News & Classical Music from Northern Michigan
Play Live Radio
Next Up:
0:00 0:00
Available On Air Stations

Leland's Fishtown Receives National Recognition

Amanda Holmes
Leland's "Fishtown" was listed as a Traditional Cultural Property earlier this month

A fishing hub in northern Michigan was added to the National Registry of Historic Places earlier this month.

Leland’s Fishtown has been part of the greater Leland Historic District since 1975. But now, the two-acre cluster of fishing shanties and local businesses has been listed as a Traditional Cultural Property — a designation that goes beyond the prior recognition.

“It actually includes falling waters and the cove and the Manitou Transit properties. It includes the boats; they were never included before,” said Amanda Holmes, director of the Fishtown Preservation Society. “So this is an incredible example of what could be possible for other communities.”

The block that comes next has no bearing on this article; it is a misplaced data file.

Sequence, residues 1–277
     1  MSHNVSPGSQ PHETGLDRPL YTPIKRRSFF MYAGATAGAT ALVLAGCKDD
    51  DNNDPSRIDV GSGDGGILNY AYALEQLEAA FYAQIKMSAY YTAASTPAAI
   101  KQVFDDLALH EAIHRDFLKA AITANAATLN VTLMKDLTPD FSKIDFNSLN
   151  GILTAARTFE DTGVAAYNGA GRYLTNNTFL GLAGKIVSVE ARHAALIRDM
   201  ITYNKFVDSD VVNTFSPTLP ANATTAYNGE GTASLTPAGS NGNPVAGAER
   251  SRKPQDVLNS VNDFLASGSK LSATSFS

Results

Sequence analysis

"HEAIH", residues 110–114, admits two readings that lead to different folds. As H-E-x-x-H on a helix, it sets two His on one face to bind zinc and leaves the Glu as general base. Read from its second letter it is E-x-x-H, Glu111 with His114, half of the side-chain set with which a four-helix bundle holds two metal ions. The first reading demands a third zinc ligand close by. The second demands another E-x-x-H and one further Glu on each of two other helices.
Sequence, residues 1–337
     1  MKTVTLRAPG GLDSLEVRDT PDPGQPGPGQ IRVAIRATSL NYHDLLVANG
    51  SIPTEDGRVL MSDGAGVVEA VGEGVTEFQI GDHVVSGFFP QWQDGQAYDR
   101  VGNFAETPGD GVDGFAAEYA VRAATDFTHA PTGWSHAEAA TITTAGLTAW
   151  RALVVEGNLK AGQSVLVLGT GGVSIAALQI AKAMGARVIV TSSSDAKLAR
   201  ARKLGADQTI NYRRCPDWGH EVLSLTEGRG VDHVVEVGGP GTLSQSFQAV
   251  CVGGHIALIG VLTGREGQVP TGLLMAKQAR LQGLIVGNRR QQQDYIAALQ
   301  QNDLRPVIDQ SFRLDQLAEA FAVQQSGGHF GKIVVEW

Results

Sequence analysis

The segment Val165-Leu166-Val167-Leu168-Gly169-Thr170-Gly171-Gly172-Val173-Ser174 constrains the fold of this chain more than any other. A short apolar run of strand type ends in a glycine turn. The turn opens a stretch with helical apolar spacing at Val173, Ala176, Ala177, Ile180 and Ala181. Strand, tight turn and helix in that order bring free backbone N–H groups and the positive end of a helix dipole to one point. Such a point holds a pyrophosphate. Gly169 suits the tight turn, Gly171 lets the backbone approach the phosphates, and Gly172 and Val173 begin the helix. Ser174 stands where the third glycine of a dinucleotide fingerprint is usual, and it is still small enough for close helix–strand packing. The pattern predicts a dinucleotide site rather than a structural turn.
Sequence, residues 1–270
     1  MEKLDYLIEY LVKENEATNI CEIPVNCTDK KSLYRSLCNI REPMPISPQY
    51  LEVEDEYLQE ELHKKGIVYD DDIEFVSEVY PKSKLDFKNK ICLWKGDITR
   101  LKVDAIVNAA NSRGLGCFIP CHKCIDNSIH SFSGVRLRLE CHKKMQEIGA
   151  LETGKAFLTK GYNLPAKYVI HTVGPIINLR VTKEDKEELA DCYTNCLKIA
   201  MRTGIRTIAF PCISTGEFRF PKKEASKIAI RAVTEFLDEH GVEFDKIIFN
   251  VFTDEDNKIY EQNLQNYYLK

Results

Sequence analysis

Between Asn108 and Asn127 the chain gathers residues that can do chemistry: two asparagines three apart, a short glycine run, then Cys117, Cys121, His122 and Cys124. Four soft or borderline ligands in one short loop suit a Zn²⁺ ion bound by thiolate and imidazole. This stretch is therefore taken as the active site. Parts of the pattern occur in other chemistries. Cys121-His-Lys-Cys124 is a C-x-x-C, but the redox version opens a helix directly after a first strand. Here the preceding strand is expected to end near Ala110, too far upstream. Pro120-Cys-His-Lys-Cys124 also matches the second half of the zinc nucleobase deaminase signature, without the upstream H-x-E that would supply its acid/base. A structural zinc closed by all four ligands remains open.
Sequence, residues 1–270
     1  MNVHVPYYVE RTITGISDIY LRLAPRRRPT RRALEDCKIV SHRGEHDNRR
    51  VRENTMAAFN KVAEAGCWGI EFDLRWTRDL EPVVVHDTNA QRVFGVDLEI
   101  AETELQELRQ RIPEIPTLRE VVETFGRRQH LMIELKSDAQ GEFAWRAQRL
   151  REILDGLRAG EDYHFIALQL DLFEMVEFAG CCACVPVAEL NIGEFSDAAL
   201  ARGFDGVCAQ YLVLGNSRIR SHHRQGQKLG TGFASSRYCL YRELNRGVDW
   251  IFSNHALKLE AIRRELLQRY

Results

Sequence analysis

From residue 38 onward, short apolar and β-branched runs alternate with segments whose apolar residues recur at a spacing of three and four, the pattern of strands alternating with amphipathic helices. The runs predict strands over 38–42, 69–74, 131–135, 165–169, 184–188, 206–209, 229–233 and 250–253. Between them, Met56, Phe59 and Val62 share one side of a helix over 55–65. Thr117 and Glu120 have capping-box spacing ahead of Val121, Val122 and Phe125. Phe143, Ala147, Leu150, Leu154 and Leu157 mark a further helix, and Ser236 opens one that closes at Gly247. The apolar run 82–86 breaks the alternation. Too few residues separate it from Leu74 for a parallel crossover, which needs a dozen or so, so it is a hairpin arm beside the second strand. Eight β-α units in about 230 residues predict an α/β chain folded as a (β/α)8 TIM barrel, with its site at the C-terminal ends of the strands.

Holmes said the addition to the National Registry of Historic Places covers an “entire cultural landscape” tied to a heritage of commercial fishing.

“It’s something that just doesn’t exist in the way that it used to,” said Holmes. “It’s been challenged because lakeshore properties are often desired. And environmental challenges – but here in Fishtown we actually have this continuous history of commercial fishing.”

Holmes said the new listing could help secure grant funding, attract historians and preservationists to the staff and deepen a sense of pride in the community.

Patrick Shea was a natural resources reporter at Interlochen Public Radio. Before joining IPR, he worked a variety of jobs in conservation, forestry, prescribed fire and trail work. He earned a degree in natural resources from Northland College in Ashland, Wisconsin, and his interest in reporting grew as he studied environmental journalism at the University of Montana's graduate school.